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My yard was a jungle – here’s how to kill weeds for an outdoor oasis


It didn’t take long after my husband and I moved into our two bedroom bungalow in Denver to be overwhelmed by the amount of work our new home needed. Of course, when you buy a renovator, you are well aware of the weeks or months of DIY projects on the horizon. We were prepared for the necessary practical work on the interiors.

But the ever-increasing challenges of outdoor space caught us off guard.

We bought our house in the fall, but in the spring bloom it was an obvious mess: no one had touched the garden in ages and neither of us knew anything about gardening.

We postponed tackling the backyard for a year, and by the time we were ready to take out the pruners, what had once been an average inconvenience had turned into a veritable sprouting disaster. Our enemies: three types of invasive trees, including the badly named tree of paradise, a lawn composed mainly of weeds, and the devil’s favorite plant, Virginia creeper.

Three years later, we have managed to turn most of the fiasco into something wonderful. How did we do this? Read on to find out how to get started and kill these weeds for real.

Start slowly

Take out your favorite meditation app and hit play before removing a single bush.

“Take a deep breath and know that recovering your backyard from weeds is doable but won’t happen overnight,” says Amy enfield, a consumer horticulturalist with ScottsMiracle-Gro.

“Take on one area of ​​the yard at a time,” advises Enfield. “Start by salvaging the back patio or cleaning the landscaped beds.”

There are two strategies here: do the more difficult and stressful thing first, or choose something small and easy to quickly feel accomplished. There is no wrong choice. To start somewhere.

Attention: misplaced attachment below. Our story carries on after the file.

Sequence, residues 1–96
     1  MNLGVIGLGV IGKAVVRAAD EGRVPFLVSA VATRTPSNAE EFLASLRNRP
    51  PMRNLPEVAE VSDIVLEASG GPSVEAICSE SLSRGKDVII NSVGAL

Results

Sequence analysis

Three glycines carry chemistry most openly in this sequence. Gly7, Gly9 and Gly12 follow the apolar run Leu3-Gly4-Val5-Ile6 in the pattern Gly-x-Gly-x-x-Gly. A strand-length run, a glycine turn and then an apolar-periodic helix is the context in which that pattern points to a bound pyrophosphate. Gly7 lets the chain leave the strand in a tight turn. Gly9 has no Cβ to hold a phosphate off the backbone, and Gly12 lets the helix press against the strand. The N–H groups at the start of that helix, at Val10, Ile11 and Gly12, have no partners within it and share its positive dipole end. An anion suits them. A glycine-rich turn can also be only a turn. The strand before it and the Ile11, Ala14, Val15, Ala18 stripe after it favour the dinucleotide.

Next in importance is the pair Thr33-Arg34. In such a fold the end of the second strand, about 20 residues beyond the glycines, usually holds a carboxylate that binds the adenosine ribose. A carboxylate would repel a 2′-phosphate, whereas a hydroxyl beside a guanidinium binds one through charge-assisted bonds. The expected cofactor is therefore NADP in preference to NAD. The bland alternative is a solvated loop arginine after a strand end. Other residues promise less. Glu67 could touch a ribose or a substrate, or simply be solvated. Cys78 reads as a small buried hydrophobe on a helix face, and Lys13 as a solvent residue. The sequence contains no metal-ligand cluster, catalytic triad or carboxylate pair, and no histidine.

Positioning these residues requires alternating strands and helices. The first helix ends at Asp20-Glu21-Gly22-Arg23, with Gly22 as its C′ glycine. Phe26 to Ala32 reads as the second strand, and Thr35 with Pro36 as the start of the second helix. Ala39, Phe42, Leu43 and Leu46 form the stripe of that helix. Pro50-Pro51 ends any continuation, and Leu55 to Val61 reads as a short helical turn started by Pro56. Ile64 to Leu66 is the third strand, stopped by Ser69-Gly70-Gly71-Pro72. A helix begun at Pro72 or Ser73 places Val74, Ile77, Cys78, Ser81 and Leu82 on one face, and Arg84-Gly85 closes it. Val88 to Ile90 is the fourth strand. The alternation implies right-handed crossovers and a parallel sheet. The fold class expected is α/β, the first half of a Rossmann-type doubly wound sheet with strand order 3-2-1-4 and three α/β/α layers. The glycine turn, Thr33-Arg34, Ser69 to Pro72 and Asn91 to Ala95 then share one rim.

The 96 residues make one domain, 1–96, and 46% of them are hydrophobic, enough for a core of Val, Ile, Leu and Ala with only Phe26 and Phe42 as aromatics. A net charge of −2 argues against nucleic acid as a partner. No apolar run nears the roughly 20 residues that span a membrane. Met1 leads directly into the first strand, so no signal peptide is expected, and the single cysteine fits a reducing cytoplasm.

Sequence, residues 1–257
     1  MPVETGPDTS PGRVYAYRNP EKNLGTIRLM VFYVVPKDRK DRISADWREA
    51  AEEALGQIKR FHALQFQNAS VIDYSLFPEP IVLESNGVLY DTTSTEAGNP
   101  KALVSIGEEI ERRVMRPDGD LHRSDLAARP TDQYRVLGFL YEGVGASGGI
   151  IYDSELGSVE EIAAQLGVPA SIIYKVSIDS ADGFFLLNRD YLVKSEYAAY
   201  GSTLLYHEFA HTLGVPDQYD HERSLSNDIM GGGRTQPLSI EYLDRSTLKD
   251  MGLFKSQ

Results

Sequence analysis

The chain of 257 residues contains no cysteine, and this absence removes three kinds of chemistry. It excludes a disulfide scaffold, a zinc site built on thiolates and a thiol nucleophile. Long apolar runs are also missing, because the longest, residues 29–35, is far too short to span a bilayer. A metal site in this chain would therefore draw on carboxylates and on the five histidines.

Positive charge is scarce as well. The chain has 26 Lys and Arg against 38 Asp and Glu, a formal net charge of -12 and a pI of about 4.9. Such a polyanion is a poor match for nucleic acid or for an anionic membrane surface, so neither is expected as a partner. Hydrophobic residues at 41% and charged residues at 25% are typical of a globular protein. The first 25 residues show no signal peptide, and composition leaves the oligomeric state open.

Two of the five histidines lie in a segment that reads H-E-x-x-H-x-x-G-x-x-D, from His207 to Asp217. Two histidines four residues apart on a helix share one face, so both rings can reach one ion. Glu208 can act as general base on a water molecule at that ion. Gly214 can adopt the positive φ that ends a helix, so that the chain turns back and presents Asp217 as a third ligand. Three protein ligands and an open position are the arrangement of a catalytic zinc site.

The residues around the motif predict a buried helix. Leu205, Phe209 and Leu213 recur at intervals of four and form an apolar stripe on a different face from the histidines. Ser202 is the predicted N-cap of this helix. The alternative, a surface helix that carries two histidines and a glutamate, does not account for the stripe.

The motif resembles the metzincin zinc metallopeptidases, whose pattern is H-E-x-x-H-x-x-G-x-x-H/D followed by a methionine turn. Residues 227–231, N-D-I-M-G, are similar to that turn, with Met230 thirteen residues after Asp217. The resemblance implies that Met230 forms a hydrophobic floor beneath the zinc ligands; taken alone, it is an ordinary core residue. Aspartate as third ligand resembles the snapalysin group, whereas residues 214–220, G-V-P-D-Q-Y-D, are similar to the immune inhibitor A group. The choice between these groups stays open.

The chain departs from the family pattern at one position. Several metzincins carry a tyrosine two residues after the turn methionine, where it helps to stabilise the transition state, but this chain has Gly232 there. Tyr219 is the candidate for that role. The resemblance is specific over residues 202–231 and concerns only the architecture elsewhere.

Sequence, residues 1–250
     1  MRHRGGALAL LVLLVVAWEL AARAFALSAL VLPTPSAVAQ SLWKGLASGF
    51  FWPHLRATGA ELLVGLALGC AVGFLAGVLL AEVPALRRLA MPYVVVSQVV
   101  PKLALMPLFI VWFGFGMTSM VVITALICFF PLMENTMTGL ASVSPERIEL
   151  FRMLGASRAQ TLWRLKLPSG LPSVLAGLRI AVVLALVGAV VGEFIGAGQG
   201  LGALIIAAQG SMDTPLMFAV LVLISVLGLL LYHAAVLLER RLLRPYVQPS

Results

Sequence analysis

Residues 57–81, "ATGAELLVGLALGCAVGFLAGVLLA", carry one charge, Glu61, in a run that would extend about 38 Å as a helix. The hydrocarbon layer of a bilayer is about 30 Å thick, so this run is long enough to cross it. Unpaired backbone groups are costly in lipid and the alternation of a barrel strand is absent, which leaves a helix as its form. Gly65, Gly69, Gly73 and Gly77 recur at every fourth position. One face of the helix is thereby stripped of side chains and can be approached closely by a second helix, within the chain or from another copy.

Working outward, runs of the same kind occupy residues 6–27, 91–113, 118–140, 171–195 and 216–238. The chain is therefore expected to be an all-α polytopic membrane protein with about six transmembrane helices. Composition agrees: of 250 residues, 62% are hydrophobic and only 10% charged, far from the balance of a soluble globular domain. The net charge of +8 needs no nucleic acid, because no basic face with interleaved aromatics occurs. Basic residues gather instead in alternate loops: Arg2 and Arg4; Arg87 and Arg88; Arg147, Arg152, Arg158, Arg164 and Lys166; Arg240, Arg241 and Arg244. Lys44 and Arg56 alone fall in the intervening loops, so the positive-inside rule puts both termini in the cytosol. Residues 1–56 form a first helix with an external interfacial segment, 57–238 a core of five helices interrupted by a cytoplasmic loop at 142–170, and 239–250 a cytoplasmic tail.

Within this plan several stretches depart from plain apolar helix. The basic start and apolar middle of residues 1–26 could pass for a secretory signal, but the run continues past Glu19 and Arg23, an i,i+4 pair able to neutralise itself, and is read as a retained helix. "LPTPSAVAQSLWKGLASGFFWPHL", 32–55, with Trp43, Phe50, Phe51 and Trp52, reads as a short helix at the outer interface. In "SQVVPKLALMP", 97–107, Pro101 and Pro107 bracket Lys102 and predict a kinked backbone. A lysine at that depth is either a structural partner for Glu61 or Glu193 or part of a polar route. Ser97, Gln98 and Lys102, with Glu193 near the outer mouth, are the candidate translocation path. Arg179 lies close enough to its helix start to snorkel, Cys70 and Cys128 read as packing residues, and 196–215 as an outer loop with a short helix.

Make good use of the weedkiller

It is not enough to pull out the weeds. To kill them for good, you’ll want to hit the weeds with a punch: spray them with a weed killer before pulling them out. (And then spray the area again.)

This is because perennial weeds, which come back year after year, have deep and complex root systems.

“If you don’t remove the entire root system, weeds can grow back from the remaining pieces,” explains Joe tomasiello, the Managing Director of Florida Lawn Maintenance Company Dean’s services.

A herbicide ensures that your “weeds are killed right down to the roots,” says Tomasiello.

There is a lot of debate about the safety of commercial weed spraying, so you could make your own with ingredients you have at home rather than buying one in store. Whichever approach you prefer, now is the time to go scorched earth on your, well, earth.

Get rid of your weeds quickly

Tempted to leave all the weeds pulled up in piles on your lawn? We understood. But leaving a pile of weeds only perpetuates the problem.

“Poor weed control can actually cause these seeds to spread, leaving you exactly where you started,” says Tomasiello.